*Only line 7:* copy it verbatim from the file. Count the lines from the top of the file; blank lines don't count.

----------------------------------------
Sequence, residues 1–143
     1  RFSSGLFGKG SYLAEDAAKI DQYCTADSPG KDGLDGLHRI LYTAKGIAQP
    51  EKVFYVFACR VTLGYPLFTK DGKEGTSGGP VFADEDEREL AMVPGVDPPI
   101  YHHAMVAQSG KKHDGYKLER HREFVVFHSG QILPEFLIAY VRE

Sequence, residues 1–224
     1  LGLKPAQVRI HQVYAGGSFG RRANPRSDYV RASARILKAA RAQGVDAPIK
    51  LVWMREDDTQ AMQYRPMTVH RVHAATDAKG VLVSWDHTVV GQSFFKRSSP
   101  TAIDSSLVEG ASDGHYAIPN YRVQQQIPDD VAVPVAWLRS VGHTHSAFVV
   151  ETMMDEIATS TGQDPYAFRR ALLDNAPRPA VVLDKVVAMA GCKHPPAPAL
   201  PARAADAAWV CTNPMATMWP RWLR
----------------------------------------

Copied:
    51  LVWMREDDTQ AMQYRPMTVH RVHAATDAKG VLVSWDHTVV GQSFFKRSSP